I’m delighted to welcome my first Author in the Spotlight of 2020 Janet MacLeod Trotter. Janet’s most recent book, the first in a new series, is called The Emerald Affair and was published by Lake Union on 1st January. You can order a copy here. I’ve been reading this and have my thoughts further down the page. But first, let’s find out more about Janet.
Thanks for joining me Janet. First of all, would you tell my blog readers a little about yourself?
Hello Joanne, thanks for having me on your blog today! I’ve been a published writer since 1985 – over thirty years – and come from a large extended MacLeod family. My children are now grown up and I’ve recently become a doting granny! My husband and I divide our time between Northumberland and the Isle of Skye.
What inspired you to start writing?
Before I was born, a gypsy came to our door and told my mum that she’d have a daughter who would be a writer, so I suppose it’s been my destiny! I’ve been writing stories for as long as I’ve been able to put pencil to paper. My mum read aloud to me and my four brothers from when we were very young and my father was a history teacher and great story teller too – so my love of history and stories was ignited at a very early age.
Tell me about your journey to publication
The first stories that I had published were in the mid-1980s for DC Thomson’s teenage photo story comics; Patches and Blue Jeans. I created the scripts that went into the bubbles!
I then began to get short stories accepted for teenage and women’s magazines. In 1989 I had my first two novels published – one for teenagers and one a Scottish historical novel. But both publishers then discontinued their lists and I had to try something else! That’s when I began writing regional historical sagas, which I did successfully for about fifteen years until my publisher decided sagas were out of fashion. Undaunted, I began to self-publish and was in the vanguard of the ebook revolution. That led to me being taken on by Lake Union (an imprint of Amazon Publishing) and I now write historical novels that are set in both Britain and India, such as The India Tea Series. I love writing these books as my own family have strong connections with India; my grandparents left Edinburgh to live and work there from the 1920s to the 1950s. I’ve been able to draw on their old diaries, letters and cine films for accurate background material.
In a nutshell, what is your latest book about?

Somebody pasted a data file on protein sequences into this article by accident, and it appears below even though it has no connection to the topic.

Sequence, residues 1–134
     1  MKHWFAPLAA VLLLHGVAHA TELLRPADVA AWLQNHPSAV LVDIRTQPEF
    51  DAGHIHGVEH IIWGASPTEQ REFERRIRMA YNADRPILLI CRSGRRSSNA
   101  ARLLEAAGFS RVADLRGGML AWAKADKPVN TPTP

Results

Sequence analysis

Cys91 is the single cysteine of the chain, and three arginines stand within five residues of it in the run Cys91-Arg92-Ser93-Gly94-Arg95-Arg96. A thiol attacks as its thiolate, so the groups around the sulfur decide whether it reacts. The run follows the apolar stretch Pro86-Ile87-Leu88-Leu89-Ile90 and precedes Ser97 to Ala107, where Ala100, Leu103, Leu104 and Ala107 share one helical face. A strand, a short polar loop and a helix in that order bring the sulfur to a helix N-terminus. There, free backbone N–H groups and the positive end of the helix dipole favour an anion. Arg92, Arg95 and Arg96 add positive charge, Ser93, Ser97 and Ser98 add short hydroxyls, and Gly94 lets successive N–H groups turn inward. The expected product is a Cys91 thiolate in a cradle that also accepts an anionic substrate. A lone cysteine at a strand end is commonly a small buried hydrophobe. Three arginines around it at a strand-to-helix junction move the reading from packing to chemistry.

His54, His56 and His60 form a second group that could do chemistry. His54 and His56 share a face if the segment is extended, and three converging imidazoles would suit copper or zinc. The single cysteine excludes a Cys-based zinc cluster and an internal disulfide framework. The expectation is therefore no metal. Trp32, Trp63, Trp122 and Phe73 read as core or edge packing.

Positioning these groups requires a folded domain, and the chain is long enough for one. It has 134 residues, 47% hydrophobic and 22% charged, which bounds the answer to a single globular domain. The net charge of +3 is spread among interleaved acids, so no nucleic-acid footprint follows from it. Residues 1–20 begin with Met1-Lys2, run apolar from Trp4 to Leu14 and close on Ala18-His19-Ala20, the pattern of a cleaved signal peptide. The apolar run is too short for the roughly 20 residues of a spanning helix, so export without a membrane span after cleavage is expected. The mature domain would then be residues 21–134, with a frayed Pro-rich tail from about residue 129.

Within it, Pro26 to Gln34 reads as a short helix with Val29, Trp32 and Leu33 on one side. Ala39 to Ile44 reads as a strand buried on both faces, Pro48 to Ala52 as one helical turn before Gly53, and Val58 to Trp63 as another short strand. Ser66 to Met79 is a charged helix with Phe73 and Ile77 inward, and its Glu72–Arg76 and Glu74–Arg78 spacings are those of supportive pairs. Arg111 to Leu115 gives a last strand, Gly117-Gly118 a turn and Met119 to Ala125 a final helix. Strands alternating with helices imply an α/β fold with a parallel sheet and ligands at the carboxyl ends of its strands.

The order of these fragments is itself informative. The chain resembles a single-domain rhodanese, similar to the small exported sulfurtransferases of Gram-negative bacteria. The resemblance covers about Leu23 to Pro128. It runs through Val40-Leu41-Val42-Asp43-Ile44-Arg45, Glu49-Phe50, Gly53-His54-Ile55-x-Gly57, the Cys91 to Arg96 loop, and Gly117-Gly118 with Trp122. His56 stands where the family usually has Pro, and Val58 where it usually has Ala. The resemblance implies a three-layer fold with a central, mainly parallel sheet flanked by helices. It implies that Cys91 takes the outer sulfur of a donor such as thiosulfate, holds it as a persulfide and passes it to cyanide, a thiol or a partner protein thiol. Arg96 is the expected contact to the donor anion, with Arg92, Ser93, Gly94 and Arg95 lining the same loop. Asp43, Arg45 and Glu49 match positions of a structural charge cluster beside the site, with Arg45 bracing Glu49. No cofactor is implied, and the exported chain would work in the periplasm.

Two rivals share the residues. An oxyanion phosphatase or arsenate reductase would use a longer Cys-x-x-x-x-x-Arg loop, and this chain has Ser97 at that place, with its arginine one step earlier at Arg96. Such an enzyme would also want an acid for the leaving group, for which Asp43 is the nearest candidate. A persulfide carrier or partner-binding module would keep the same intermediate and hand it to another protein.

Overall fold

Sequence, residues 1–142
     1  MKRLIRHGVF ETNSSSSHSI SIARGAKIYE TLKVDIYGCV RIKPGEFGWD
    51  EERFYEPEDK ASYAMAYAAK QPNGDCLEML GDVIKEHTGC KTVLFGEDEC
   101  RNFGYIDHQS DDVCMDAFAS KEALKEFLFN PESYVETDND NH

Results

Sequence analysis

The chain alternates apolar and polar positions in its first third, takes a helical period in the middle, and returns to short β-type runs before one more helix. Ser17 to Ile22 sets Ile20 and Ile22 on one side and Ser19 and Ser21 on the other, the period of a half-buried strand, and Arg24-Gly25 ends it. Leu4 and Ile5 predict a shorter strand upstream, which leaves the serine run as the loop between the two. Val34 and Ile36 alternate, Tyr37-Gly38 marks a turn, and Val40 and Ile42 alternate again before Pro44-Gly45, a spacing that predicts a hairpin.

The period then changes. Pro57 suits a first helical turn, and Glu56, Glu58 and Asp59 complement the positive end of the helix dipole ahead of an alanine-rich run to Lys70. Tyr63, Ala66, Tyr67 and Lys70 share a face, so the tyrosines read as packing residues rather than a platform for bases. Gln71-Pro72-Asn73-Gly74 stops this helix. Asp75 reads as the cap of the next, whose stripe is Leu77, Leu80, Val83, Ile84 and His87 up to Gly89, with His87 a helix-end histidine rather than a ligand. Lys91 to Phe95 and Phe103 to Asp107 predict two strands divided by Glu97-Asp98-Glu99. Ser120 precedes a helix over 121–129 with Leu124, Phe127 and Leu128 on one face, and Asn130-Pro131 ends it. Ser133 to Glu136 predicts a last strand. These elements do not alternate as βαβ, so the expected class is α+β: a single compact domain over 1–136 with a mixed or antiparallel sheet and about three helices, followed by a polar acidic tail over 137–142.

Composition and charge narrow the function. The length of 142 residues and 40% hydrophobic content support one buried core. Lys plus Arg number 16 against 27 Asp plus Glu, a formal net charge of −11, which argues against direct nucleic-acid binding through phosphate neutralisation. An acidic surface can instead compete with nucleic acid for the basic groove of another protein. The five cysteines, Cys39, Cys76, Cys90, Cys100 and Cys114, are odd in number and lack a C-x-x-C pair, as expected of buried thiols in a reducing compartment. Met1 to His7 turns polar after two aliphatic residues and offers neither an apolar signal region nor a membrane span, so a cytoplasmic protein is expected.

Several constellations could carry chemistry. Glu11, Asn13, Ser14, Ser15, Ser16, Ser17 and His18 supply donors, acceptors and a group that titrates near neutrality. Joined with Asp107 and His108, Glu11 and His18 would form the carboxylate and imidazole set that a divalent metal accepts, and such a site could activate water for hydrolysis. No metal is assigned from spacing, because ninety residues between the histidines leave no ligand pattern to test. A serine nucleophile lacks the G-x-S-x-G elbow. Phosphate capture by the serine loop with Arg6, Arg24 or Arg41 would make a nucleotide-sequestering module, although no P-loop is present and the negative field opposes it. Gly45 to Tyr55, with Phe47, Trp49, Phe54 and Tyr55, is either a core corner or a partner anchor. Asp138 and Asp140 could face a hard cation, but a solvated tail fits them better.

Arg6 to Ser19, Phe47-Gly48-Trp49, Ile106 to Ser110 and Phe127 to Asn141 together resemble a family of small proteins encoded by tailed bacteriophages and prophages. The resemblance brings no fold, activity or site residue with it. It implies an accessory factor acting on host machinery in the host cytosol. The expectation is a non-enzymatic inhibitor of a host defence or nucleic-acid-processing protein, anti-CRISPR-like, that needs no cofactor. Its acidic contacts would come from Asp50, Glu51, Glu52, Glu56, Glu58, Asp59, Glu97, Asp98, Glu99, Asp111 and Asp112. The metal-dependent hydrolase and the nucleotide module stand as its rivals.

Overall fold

At the end of the First World War two friends, Esmie and Lydia, leave Scotland to start new lives in India – one as a nurse in the wilds of the North West Frontier and the other as a hotelier’s wife at the vibrant Raj Hotel in Rawalpindi. It follows their lives and loves against the turbulent backdrop of tribal war and also the tensions underlying the glamour of hotel life, where loyalty and friendship are tested to the limit.
How did you come up with the title for your book?
I didn’t – my editor did!
How did you celebrate publication day?
Publication day is New Year’s Day so I’ll be doing what I do every January 1st and that is to swim in the sea off the Isle of Skye! It’s part of our family tradition. Afterwards we have a chaotic game of football to warm up and then carry on with celebrating the New Year with family and friends.
Do you have a work in progress just now?
I’m at the editing stage of my follow up novel in the Raj Hotel Series; The Sapphire Child. This takes the story of the hotel and its owners into the 1930s and through the Second World War – so a lot happens! The central heroine is Stella Dubois, the daughter of the hotel manager, and the action takes place both in India and Scotland.
What’s your favourite book you’ve read in the past few months? Or favourite three if you really can’t choose!
The book that has stayed in my mind long after reading it is; All the Light We Cannot See by Anthony Doerr. It follows the experiences of a blind French girl and an orphan German boy in the lead up to and during the Second World War. Their worlds are vividly described. Not only is it beautifully written but the tension of wanting to find out what happens to them keeps the reader turning the pages too.
What are you reading just now?
I’m half way through Jeanette Winterson’s Christmas Days (reading it in December). It’s a collection of quite quirky short stories interspersed with recipes which also tell their own story! I’m enjoying it so far.
If you were on Desert Island Discs, what one book would you take with you?